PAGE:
“I was just listening to my dad’s records and I was obsessed with Jimi Hendrix and Cream, so I learned all those riffs first. Then a couple of years later I got into Nirvana and all the guitar bands of the time. But always the background was folk music like Paul Simon and Ry Cooder, so I would be learning folk and blues standards as well.”
Can you remember the first song you wrote?
“I can kind of recollect doing something on a dictaphone in the attic with a keyboard. I think I might’ve been 9 years old and writing a song about Sonic The Hedgehog or something! Really basic stuff and then I wrote terrible songs until I actually wrote something that I could listen to and not cringe. But that took a long time – when I was in my 20’s.
“I’d finished university and I was living in Liverpool and trying to get by as a jobbing guitar player. I was working days in a comic book shop and then my evenings in restaurants playing guitar. I was just gigging instrumental guitar music and then a couple of songs came to me and from there I thought it would be great if I could get a whole set of this. In a couple of years I had enough material for my first record. It just sort of occurred in that way and then once I had the imputus to really get into it, I’ve been taking a lot more seriously ever since.”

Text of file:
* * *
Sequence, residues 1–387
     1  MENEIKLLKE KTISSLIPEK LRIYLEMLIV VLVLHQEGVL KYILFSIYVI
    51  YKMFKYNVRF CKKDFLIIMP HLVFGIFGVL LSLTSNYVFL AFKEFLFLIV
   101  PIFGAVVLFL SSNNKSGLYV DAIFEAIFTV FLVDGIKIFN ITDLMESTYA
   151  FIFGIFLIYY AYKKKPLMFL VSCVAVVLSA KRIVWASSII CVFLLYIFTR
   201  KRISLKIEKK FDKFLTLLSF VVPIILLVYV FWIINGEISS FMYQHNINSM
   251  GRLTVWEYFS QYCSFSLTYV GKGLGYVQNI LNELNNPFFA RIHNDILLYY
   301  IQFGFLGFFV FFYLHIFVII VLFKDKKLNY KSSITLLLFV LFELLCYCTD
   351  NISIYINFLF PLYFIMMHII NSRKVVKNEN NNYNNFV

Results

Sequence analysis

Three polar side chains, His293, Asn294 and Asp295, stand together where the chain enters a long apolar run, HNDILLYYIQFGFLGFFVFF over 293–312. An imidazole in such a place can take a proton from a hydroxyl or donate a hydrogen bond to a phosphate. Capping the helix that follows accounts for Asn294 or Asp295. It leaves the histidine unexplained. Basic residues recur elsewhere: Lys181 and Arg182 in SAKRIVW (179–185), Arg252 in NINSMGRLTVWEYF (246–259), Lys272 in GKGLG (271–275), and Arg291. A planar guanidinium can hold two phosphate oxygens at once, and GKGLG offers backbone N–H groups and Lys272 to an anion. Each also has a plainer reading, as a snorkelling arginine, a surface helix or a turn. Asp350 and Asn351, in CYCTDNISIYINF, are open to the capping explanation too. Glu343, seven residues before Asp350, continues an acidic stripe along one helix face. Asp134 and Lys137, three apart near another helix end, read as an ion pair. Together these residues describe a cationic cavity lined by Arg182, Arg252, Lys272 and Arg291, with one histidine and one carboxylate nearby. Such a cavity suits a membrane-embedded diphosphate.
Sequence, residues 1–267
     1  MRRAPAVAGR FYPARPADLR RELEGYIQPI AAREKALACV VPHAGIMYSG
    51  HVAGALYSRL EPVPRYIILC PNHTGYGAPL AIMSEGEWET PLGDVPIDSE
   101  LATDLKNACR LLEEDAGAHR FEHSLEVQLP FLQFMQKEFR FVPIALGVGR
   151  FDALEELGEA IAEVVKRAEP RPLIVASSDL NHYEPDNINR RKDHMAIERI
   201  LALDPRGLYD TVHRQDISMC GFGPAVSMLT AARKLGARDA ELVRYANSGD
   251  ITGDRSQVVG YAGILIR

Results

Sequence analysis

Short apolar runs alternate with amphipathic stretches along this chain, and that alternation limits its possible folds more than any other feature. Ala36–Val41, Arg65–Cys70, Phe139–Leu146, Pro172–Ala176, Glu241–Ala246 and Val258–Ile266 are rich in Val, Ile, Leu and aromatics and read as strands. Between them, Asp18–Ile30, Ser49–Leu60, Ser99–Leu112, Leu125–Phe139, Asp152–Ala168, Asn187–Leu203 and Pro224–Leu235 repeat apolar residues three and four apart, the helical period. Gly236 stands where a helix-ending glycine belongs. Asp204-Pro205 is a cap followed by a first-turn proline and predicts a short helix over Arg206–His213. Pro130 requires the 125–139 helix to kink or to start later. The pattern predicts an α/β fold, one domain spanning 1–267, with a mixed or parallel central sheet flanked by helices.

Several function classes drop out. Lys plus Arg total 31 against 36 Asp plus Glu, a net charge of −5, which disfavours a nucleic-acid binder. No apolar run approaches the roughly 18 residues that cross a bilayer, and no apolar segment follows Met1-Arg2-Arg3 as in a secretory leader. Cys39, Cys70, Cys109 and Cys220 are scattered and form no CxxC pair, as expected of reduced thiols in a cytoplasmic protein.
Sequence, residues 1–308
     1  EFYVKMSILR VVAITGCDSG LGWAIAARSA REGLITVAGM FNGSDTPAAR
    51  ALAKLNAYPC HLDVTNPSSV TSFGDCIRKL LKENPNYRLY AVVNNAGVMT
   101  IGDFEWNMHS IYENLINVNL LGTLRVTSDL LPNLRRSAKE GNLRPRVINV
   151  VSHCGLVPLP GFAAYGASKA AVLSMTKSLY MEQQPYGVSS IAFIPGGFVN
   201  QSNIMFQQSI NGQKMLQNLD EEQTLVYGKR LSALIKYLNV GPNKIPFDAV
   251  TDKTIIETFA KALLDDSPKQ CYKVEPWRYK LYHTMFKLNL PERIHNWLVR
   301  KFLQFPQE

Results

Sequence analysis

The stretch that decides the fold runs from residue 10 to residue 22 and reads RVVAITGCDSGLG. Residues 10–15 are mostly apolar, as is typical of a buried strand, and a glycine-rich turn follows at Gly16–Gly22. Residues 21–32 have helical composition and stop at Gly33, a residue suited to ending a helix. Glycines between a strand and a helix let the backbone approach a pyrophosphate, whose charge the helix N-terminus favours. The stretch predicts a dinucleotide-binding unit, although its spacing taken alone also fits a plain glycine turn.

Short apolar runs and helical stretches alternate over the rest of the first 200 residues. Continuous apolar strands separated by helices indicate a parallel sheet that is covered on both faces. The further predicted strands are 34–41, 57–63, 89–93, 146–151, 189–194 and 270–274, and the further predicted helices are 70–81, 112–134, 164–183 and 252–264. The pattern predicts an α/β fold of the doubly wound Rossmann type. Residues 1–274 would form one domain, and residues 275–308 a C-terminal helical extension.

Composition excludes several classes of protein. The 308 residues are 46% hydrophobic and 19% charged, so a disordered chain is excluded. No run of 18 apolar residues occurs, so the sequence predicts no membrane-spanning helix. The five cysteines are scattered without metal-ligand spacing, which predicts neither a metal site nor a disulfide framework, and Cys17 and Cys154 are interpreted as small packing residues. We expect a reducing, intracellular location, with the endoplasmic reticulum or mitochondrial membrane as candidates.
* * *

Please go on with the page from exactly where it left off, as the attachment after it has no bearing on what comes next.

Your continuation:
[cc_blockquote_right] I FIND WRITING SONGS QUITE A TOUGH PROCESS. I REALLY STRUGGLE WITH IT NOW [/cc_blockquote_right] So you fell into this by accident just from playing?
“Yeah I was just playing and playing, but feeling like I needed something more. At that point I wasn’t a very good singer, but I liked singing other people’s songs and then it just happened that I wrote a couple of songs quite easily and I wanted to write more. Since then it’s been very up-and-down. If all of them had came to me as the first few did, it would’ve been great, but actually I find writing songs quite a tough process. I really struggle with it now.